GNU/Linux distribution is a stable alternative with a solid software update system, but it can be hard to install.
Debian GNU/Linux is a stable, complete Linux distribution that has the best software update system of any Linux distribution eWEEK Labs has seenwhich helps explain why Debian is one of the worlds most widely used Linux distributions. According to a Netcraft Ltd. report covering July 2003 to January 2004, Debian was the fastest-growing distribution among Linux Web servers, and Debian trailed only Red Hat Inc.s Red Hat Linux in the number of Web sites it serves.
And yet, because its the product of the noncommercial Debian Project, Debian doesnt garner the same level of attention as do distributions from Red Hat and Novell Inc.s SuSE Linux division.
More important, Debian doesnt enjoy the same number of independent hardware and software vendor certifications that SuSE Linux or Red Hat Linux do, a fact that contributes to Debians low profile among enterprise Linux implementations. Also, Debian is a community-supported distribution, and its project mailing lists are the primary source of support.
However, for organizations unwilling or unable to pay for enterprise LinuxRed Hat Enterprise Linux, for example, ranges from $179 to $3,000 per year per machineDebian offers a solid, capable alternative with broad hardware platform support.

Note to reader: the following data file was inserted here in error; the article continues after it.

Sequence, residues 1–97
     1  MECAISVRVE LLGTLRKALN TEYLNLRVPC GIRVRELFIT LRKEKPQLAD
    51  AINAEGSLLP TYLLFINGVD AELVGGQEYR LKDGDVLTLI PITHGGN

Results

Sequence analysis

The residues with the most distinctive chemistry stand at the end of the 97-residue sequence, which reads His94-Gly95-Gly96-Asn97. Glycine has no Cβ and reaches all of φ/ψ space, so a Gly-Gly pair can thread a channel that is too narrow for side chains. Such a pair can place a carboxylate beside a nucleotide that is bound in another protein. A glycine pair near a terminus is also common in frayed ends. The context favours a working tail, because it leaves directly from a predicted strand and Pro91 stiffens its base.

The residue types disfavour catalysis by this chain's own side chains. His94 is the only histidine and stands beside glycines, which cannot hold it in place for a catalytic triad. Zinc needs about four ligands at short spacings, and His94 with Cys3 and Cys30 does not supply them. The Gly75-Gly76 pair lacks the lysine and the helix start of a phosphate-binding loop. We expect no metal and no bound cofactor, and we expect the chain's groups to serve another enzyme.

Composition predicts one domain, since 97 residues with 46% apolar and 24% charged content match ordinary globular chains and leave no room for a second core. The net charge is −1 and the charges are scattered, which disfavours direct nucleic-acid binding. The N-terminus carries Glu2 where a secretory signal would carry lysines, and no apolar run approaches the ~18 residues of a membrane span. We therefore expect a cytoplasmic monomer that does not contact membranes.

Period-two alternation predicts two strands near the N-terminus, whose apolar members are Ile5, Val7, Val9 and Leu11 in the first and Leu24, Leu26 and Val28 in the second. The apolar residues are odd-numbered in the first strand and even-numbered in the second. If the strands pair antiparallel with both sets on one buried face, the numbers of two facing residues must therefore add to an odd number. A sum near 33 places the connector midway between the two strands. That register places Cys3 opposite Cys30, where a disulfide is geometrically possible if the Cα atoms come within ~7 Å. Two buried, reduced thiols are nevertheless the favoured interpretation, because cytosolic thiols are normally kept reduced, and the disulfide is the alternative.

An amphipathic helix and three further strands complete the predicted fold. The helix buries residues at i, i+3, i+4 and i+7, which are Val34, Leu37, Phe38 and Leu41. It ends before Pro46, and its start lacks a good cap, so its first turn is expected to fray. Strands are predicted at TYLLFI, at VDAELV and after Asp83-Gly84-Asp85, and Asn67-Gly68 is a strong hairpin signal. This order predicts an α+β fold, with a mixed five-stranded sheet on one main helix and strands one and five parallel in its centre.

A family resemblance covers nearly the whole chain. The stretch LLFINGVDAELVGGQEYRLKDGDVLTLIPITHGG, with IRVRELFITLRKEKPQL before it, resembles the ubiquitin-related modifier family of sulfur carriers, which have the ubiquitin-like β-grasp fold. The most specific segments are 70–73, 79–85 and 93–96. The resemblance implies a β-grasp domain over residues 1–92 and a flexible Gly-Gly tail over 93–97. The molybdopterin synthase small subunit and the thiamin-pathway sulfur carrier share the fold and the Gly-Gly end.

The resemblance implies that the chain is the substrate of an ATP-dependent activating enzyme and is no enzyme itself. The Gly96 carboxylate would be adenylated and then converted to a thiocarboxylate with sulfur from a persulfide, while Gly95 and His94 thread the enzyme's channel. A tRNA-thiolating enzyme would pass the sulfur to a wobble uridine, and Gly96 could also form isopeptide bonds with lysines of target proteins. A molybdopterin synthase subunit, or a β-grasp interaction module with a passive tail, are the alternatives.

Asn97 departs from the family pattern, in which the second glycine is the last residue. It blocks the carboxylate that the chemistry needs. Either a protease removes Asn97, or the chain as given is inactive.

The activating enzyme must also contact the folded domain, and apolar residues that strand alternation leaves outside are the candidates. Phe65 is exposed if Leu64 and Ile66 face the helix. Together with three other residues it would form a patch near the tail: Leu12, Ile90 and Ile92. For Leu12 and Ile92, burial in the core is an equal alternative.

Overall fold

One indicator of Debians attractiveness is the number of other Linux distributions based on it. Several well-known Linux distributions, including Lindows, Xandros and Knoppix, trace their lineage to Debian.
Also under way is a project based on Debian called UserLinux, which is aimed at building a free, enterprise-stable Linux distribution that includes certifications, service and support options. Although UserLinux is still early in development, the project has produced several alpha packages that are available at www.userlinux.com.Next Page: Stability is key to Debians popularity.
As Editor in Chief of eWEEK Labs, Jason Brooks manages the Labs team and is responsible for eWEEK's print edition. Brooks joined eWEEK in 1999, and has covered wireless networking, office productivity suites, mobile devices, Windows, virtualization, and desktops and notebooks. Jason's coverage is currently focused on Linux and Unix operating systems, open-source software and licensing, cloud computing and Software as a Service. Follow Jason on Twitter at jasonbrooks, or reach him by email at firstname.lastname@example.org.